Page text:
New Mexico's House and Senate Chambers are used by lawmakers during the session, which ranges from 30 days to 60 days.
Legislators revised a policy in 2012 that would allow outside groups use for educational events but with permission.
Under the policy, no commercial or political events can occur unless organizers get approval from the Legislative Council.
Democratic Sen. Cisco McSorley, of Albuquerque, says restricting access goes against free speech.
Evacuation Lifted For Fire At New Mexico, Colorado Border – Associated Press
Fifteen people were allowed to return to their homes near the New Mexico and Colorado border after being evacuated during a fire.
Officials said Sunday that the evacuation was lifted and the blaze was 40 percent contained. Crews are using both ground and air equipment to get the fire under control.
The lightning-caused fire broke out Friday in San Juan County about five miles south of the state line and west of Navajo Lake State Park near Highway 511.
The Colorado Department of Transportation says the CO172 highway is restricted to southbound traffic at the state line due to the fire.
KRQE reported that firefighting crews from both states were on scene. The station said they're using the Cottonwood Day Use area at Navajo Lake State Park for housing.
Wildfire In Gila National Forest Grows In Size – Associated Press
Officials from Gila National Forest say a wildfire has grown nearly 3,000 acres in size, covering a total of 15,313 acres as of Sunday.
Incident management authorities say some of the fire's growth on Saturday was due to burnout operations aimed at keeping it from spreading. Crews were able to conduct burnout operations and proactively scout out the area when high winds held off until later in the day.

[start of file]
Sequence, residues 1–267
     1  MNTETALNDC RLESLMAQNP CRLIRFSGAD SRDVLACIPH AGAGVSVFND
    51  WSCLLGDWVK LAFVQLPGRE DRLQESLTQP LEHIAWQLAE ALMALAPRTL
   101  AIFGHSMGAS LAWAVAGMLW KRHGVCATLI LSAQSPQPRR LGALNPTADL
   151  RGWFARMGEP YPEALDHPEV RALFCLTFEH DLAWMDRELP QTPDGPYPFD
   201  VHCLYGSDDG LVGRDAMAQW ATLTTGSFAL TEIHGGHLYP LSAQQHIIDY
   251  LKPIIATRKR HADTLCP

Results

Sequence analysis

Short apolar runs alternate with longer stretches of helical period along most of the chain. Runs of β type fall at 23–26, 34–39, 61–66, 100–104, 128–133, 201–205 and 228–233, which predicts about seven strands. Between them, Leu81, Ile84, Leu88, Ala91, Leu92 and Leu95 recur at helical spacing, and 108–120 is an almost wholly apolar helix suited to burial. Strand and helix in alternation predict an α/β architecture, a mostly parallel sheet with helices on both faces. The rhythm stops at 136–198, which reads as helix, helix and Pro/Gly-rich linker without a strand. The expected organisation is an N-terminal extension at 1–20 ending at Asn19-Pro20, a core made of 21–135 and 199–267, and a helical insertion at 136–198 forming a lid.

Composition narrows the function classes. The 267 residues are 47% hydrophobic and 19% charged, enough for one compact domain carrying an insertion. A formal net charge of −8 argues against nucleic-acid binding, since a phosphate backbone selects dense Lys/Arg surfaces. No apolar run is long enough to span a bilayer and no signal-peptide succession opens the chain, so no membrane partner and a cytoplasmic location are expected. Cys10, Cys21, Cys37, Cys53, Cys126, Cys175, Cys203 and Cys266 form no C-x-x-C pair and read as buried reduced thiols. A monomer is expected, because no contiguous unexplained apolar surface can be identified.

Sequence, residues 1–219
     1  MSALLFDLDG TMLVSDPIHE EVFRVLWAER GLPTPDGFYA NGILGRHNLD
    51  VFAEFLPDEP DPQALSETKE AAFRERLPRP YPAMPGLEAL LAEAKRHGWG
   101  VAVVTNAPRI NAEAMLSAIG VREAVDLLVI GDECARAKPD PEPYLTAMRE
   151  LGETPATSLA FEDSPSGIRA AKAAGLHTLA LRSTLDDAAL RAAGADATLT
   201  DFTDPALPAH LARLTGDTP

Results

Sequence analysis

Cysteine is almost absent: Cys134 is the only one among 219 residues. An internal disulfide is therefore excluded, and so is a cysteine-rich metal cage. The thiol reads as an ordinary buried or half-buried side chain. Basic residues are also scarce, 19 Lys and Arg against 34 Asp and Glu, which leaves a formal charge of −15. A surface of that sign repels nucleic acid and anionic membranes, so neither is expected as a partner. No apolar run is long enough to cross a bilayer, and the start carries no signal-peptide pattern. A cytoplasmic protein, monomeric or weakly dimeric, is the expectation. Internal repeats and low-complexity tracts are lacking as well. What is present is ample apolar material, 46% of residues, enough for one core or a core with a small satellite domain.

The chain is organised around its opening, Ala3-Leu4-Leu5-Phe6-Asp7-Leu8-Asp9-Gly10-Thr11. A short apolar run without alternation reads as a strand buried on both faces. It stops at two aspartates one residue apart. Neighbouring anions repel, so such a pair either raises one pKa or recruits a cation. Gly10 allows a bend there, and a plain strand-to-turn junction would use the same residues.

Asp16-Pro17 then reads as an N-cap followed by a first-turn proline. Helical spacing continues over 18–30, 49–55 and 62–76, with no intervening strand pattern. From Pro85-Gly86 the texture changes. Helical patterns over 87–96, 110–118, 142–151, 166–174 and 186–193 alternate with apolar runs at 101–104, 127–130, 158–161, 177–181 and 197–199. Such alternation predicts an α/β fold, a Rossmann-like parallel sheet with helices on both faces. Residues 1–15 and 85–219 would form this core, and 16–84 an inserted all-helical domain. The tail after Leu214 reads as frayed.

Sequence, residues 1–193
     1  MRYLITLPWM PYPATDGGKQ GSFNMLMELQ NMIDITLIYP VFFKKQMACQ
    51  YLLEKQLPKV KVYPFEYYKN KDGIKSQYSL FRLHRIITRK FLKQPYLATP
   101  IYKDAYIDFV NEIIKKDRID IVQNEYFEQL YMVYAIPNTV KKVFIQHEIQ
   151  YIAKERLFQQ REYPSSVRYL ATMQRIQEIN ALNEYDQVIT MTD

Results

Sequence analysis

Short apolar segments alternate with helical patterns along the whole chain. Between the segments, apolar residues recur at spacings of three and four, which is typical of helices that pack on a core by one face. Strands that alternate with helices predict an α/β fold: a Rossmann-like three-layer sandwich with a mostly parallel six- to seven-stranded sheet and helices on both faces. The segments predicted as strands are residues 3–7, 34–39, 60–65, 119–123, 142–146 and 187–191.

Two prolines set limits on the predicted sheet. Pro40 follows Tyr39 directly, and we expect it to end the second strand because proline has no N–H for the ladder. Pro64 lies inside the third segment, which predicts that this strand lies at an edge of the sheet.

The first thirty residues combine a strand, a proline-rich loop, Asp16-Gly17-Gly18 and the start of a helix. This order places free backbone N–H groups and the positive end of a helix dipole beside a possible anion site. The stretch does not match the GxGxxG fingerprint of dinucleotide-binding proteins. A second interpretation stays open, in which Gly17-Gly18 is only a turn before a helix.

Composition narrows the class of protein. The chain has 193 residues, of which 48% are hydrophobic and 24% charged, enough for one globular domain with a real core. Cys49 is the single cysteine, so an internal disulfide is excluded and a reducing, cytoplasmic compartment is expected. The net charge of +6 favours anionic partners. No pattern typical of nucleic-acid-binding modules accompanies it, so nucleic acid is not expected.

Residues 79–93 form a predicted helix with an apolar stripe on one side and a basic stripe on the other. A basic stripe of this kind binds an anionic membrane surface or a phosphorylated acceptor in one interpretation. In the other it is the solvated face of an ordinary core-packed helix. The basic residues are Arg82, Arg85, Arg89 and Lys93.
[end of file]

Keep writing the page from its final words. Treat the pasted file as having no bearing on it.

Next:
The blaze was 10 percent contained as of Sunday morning. Fire conditions are still extreme, with high temperatures and low humidity.
The fire started on Tuesday, and the cause is still under investigation.
More than 500 firefighters and other personnel are assigned to the fire, which is located northeast of Eagle Peak Lookout.
The area around the fire is closed, and the Continental Divide Trail has been rerouted.
Visitors Travel To Church To Witness Weeping Statue – Associated Press, The Hobbs News-Sun
A Virgin Mary statue at a Hispanic Catholic church in southeastern New Mexico is drawing visitors from around the region because believers say it appears tears are flowing from the statue's face.
The Hobbs News-Sun reports visitors of the bronze statue located inside the auxiliary building of Our Lady of Guadalupe Catholic Church said Tuesday the statue wept, like it did for several hours last Sunday.
Judy Ronquillo, who was in the building Tuesday when it took place, says the statue began crying as the group inside the church finished a Rosary.
Laura Cisneros, who was with her family at the Sunday Mass when the statue began crying, was also present Tuesday. She says it was "amazing."
Ronquillo says Tuesday's visitors came from throughout southeastern New Mexico and west Texas, as far as San Antonio and El Paso.